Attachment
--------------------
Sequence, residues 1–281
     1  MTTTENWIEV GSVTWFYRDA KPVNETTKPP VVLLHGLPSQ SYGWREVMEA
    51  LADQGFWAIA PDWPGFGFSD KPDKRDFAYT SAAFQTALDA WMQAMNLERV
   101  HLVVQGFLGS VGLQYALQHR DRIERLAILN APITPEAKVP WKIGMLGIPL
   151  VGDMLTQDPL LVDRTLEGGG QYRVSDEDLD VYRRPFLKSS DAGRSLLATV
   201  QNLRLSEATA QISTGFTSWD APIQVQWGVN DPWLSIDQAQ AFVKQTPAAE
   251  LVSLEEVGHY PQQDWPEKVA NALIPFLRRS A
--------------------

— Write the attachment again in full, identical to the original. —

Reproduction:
Sequence, residues 1–281
     1  MTTTENWIEV GSVTWFYRDA KPVNETTKPP VVLLHGLPSQ SYGWREVMEA
    51  LADQGFWAIA PDWPGFGFSD KPDKRDFAYT SAAFQTALDA WMQAMNLERV
   101  HLVVQGFLGS VGLQYALQHR DRIERLAILN APITPEAKVP WKIGMLGIPL
   151  VGDMLTQDPL LVDRTLEGGG QYRVSDEDLD VYRRPFLKSS DAGRSLLATV
   201  QNLRLSEATA QISTGFTSWD APIQVQWGVN DPWLSIDQAQ AFVKQTPAAE
   251  LVSLEEVGHY PQQDWPEKVA NALIPFLRRS A